Scarcity is not having enough of something – food, money, time, water, social interactions – anything that humans need. It has a profound impact on behavior, thinking and decision making. Scarcity captures the mind involuntarily. It has a positive “focus dividend” – if you’re running short of something, your mind fixates on that one thing. But the big negative is that if the mind is preoccupied with what’s insufficient, there’s much less attention available for everything else.
A behavioral economist and cognitive psychologist wrote an interesting book on the topic. Mullainathan and Shafir, Scarcity – Why Having Too Little Means So Much (2013). Their thesis is that scarcity is a mindset and that scarcity creates more scarcity. The authors explain scarcity’s impact on the mind with metaphors. For example, compare two people packing a suitcase for a long trip. One suitcase is suitably large, the other insufficiently small. The guy packing the small suitcase has to be extremely careful about what and how he packs because he’s short on space. The guy with the big suitcase has plenty of room, so he doesn’t need to be as careful. He has lots of “slack”; not deliberately unused space but rather the by-product of packing under abundance.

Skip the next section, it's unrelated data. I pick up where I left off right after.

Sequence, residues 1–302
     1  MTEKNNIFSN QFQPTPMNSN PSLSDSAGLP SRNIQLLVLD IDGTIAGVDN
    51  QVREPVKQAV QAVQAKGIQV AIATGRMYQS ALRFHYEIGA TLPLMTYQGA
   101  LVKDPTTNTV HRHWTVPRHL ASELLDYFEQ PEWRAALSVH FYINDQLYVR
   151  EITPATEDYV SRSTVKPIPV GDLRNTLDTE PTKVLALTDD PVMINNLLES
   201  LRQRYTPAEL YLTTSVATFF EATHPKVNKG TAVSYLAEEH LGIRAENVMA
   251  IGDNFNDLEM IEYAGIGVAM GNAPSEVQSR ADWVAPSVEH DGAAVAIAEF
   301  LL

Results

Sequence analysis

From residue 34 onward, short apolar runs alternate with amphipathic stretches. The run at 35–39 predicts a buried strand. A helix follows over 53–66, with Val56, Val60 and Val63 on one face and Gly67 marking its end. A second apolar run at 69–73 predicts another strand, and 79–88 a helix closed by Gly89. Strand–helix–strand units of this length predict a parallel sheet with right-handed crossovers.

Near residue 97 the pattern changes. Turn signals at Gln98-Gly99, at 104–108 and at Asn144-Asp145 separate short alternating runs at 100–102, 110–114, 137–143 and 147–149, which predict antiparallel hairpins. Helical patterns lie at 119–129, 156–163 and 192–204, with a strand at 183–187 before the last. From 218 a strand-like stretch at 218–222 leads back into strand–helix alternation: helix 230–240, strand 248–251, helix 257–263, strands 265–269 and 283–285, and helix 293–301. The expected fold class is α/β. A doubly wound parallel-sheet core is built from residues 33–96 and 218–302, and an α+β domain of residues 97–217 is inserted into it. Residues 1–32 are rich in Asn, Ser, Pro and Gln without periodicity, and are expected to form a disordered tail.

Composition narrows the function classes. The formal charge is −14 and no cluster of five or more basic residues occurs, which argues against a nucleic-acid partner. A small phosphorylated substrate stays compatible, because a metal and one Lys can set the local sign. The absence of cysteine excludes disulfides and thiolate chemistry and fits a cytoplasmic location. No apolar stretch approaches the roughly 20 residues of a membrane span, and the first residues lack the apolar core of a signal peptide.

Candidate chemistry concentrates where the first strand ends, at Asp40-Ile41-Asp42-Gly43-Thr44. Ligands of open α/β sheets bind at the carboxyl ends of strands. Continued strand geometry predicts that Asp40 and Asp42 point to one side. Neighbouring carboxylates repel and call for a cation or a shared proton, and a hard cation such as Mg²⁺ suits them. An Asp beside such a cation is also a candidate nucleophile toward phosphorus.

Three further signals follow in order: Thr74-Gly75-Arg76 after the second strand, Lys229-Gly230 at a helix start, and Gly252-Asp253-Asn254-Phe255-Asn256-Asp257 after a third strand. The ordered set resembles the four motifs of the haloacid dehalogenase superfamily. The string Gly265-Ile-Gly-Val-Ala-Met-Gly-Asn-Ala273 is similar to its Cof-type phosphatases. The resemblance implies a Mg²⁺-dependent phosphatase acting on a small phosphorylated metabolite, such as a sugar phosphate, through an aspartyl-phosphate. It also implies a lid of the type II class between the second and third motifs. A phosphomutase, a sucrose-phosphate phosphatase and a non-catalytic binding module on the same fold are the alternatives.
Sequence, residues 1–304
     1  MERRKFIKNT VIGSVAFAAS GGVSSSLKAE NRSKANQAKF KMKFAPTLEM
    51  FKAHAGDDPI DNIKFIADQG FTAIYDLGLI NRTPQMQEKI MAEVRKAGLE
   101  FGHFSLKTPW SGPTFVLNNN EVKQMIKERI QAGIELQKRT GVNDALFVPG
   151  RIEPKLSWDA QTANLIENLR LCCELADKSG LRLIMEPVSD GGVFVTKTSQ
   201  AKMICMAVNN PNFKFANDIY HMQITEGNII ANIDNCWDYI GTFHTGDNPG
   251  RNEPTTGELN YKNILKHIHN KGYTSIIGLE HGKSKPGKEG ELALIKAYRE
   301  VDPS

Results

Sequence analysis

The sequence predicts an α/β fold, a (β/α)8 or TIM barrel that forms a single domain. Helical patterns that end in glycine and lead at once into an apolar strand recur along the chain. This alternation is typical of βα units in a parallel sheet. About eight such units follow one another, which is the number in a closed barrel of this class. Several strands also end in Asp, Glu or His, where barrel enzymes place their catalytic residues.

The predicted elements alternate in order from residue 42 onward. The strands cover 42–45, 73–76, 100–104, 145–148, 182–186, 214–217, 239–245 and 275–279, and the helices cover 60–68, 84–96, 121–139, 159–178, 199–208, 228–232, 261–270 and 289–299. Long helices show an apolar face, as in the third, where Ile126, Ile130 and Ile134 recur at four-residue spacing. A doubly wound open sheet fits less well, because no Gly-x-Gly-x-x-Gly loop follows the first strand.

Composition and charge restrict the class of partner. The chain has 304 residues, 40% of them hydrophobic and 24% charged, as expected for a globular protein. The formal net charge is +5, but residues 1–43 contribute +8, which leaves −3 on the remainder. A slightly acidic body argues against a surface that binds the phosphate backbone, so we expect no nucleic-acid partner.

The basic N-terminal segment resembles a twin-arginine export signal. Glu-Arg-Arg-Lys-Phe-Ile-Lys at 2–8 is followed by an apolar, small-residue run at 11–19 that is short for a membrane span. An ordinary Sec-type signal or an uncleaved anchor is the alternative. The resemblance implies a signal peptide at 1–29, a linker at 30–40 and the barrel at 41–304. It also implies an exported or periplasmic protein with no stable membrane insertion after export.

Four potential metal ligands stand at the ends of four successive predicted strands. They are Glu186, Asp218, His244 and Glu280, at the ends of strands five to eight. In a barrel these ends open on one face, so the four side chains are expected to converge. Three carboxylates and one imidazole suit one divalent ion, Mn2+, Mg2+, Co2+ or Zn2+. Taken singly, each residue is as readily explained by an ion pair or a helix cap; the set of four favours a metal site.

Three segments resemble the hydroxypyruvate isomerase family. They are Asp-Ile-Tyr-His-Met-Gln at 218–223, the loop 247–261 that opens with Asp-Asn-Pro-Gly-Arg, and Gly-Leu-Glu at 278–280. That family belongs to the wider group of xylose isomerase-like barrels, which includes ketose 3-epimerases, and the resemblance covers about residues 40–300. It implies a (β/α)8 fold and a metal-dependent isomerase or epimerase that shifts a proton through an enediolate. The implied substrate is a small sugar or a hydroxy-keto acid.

During good economic times, people don’t meticulously account for every dollar of their spending. But people living paycheck to paycheck have to carefully budget every cent. Poor people have much less slack than rich people. My clients tend to have plenty of slack because they recognize the importance of financial and estate planning; they work hard, save their money and are smart about having their act together.
Do what it takes to generate plenty of slack in your life. Little things can add up to strong psychological security, which gives you plenty of cognitive and physical time and energy to pursue your interests and passions beyond making a living (for me, that’s playing music, exercising and reading books about the economics of scarcity). Mental slack allows you to vigorously pursue endeavors beyond survival.
Save for retirement, stuff some more cash in that coffee jar, buy some silver or gold, be sure you have plenty of insurance and by all means, execute your estate planning documents. The peace of mind living without scarcity brings is vital. Having an Estate Planning War Chest is the mental luxury of living with a feeling of abundance. As Henry David Thoreau observed “A man is rich in proportion to the number of things he can afford to let alone”.